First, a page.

A teenager who died during a hockey match took too many prescription painkillers so she could take part in the game she loved, an inquest heard.
Holly Monk was just 18 when she collapsed at Middlesbrough’s Southlands Centre on November 20 last year.
Before falling unconscious she told paramedics she had taken an overdose of prescription medication but had not intended to take her own life.
Despite medics attempts to save her, the popular teenager died later that evening at the James Cook University Hospital.
An inquest into her tragic death heard she suffered chronic pain and had been diagnosed with Raynaud’s disease, which affects the circulation of blood around the body.
Holly Monk tragically died after taking too many prescription painkillers in a bid to play hockey
Her parents told the inquest they believed their daughter died in an attempt to manage her pain and feel well enough to take to the hockey pitch.
Father Andrew Monk said his daughter had ‘suffered in silence’ for a considerable amount of time and battled to maintain a full and active lifestyle despite her health problems.
In a statement read at Teesside Coroner’s Court, Mr Monk said his daughter had a close-knit circle of friends and a ‘kind and gentle’ boyfriend.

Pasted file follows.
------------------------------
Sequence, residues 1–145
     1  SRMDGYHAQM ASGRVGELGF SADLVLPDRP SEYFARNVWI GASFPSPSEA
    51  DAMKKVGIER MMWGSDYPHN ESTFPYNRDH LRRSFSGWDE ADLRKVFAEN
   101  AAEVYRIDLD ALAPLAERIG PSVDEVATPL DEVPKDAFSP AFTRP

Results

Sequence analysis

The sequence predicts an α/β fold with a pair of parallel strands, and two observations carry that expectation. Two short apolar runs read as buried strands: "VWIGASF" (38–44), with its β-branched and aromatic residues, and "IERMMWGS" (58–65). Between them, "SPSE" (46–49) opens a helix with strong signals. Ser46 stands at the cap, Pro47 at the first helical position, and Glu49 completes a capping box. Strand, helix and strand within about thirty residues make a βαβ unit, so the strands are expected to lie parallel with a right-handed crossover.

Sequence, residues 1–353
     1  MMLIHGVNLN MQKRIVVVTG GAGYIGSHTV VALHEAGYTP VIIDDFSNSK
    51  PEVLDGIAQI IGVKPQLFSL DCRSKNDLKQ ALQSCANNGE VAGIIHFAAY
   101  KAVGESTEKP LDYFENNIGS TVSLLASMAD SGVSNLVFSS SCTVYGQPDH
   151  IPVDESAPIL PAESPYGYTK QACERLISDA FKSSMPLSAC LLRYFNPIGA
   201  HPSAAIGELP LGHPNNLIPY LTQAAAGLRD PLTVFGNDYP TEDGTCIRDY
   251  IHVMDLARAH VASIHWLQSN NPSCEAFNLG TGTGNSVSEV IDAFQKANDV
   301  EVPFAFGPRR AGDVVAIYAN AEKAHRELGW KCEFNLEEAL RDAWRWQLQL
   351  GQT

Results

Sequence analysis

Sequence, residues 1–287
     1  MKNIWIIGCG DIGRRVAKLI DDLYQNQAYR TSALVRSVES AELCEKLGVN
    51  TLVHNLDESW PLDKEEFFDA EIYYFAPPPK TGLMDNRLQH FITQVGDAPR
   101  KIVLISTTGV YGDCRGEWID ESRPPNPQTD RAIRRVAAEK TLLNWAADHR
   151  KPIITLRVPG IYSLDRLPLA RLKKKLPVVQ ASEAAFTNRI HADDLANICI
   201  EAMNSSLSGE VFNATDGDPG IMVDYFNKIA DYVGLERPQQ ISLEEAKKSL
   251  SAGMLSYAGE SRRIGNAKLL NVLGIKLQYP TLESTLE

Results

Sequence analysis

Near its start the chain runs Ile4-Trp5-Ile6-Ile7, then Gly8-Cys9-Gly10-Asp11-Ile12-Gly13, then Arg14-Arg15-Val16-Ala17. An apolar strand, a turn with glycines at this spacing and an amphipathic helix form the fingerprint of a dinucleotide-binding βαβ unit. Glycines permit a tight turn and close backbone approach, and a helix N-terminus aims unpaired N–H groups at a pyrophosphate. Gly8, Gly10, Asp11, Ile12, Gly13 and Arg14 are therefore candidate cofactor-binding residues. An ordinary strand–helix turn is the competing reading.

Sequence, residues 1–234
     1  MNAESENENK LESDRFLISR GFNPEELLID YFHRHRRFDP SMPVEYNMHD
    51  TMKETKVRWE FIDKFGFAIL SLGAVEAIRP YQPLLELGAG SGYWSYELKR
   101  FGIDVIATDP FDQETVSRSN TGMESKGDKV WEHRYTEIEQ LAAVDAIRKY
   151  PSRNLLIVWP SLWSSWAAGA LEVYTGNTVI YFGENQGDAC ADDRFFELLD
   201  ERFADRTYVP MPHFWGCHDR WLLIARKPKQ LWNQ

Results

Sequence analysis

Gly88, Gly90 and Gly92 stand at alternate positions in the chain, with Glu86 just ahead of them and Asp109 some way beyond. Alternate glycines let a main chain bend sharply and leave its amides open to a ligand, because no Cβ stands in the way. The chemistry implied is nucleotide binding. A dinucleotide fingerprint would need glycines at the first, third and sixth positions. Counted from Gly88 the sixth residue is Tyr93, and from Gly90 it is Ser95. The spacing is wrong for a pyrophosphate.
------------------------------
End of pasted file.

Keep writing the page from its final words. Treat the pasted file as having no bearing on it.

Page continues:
He said that the uncertainties relating to Holly’s death were hanging over his family and prolonging their grieving.
At the time of her death, Holly was studying at East Durham College in the hope of going to university. She played and coached at Norton Hockey Club and was a member of the Ullswater Yacht Club.
Mr Monk suggested she may have had undiagnosed Lyme Disease, which could have caused her pain. She had not been tested for the condition and it was now impossible to tell if she had it, the inquest heard.
Holly collapsed at this Middlesbrough sports centre where hockey match was being played
The coroner was told Holly was ‘shaky’ on arrival at the leisure centre on the day she died, and collapsing in a spectator area next to a hockey pitch.
The National Poisons Information Service and other toxicology experts around Britain were contacted as doctors in hospital tried to counteract the effect of the drugs.
Senior coroner Clare Bailey concluded that Holly had died as a result of misadventure.
The coroner concluded: ‘We have heard the information she gave to the paramedic is that she had not intended to take her own life and the police are satisfied that she took the medication to try and treat pain so that she could play the hockey that she loved playing.
‘There was no reason for her to take her life, she was in a very good place, taking a course, enjoying sport and in a loving relationship.
‘In the circumstances, I accept that Holly died not intending to take her life and my conclusion, based on the balance of probabilities, is that she died as a result of misadventure. She intended to take the medication but not the tragic consequences.’
Medics at the James Cook hospital rang drugs experts in a bid to save her life